A new study has shown that a mixture which consists of at least 32 percent lemon eucalyptus oil will provide more than 95 percent protection against mosquitoes for a duration of at least three hours.

You can even create your own mixture with something along the lines of 1 part lemon eucalyptus oil to 10 parts witch hazel or sunflower oil. However, if you choose to do this, be mindful of using it on children under 3 years of age as it may have adverse effects.

Eucalyptus is also found in popular recipes for repelling flies, wasps, and hornets. Mixing 8 drops of eucalyptus oil with 1 tablespoon of coconut oil or any other of your choice is a very nice way of keeping the insects at bay. Simply rub the lotion on your body and go about your day problem-free.

A fair warning here should be given against the usage of orange essential oils, especially against wasps. Since they are attracted to sweet smells, you may find yourself their favorite target on that sunny Sunday afternoon.


Eradication tool

Eucalyptus oil can also serve other, deadlier needs, should you require those kinds of services. Scale insects such as mites or whiteflies are killed on contact so you can use this to your advantage. Combine 1 teaspoon of eucalyptus oil with half a teaspoon of liquid hand dish detergent. To this mix, add 2 cups of water and shake well in a spray bottle.

Apply this to your beloved plants and watch the threat melt away. Just like before, you can repeat this process every three days until the invaders are gone for good.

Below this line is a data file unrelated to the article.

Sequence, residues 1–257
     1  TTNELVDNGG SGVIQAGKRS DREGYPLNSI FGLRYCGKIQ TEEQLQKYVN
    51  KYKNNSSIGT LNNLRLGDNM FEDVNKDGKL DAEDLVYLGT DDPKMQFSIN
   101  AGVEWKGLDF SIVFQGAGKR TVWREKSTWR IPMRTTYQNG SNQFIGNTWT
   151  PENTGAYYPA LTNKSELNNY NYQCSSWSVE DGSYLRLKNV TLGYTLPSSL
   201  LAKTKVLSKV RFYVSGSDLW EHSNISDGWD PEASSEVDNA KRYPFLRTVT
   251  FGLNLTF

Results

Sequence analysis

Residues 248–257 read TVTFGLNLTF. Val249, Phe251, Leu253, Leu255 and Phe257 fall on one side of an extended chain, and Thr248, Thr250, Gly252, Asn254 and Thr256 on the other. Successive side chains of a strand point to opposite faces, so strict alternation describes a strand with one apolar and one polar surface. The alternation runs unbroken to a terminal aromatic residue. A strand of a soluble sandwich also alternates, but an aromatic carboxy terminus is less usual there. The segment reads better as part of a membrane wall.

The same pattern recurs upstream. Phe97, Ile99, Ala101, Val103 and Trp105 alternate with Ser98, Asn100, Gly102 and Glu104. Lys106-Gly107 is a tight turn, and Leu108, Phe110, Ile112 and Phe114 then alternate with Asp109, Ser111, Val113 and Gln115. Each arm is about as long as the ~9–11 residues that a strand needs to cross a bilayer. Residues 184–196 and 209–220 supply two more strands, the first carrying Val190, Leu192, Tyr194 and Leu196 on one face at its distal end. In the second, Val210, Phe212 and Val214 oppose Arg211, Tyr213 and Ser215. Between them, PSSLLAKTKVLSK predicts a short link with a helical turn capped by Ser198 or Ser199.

Mulch ingredient

A layer of mulch in the garden can work wonders for improving the quality of the soil and controlling weed growth. Chipped or shredded eucalyptus wood or bark has also come to be known as an effective insect repellent since eucalyptus mulch naturally contains the same type of oil.

As the mulch is stepped on or slowly breaks into the soil, it will release all the oil from the inside of the wood. This slow type of release can kill or repel insects and bugs for weeks at a time. If you can’t find any eucalyptus mulch, simply spray the oil onto some pine mulch and give it some time to soak in. It won’t last as long as regular eucalyptus mulch, but still longer than any spray.



Exercise caution

While natural remedies have been made popular due to the belief they are always safe for pets and people, one should still exercise caution when using them. For instance, eucalyptus oil is used in commercial medicines, but direct contact with its undiluted form will likely cause skin irritation.

If it’s directly ingested in high doses, the oil can even be toxic so you should really be careful when and how you spray it to prevent children or pets from ingesting the oil or even the homemade spray. Never forget that eucalyptus oil is highly flammable so don’t use it near heat sources or open flames.


Take care of your pets

While fairly good in taking care of your bug problem, eucalyptus still contains compounds that are poisonous to most animals. However, this is the raw form we are talking about as sprays will not contain enough to bother your pets.

The most you may notice is animals such as rabbits or even deer being repulsed by the sharp smell of eucalyptus and avoiding it for a few days. However, sooner or later they will adjust to it and go back to grazing in your garden.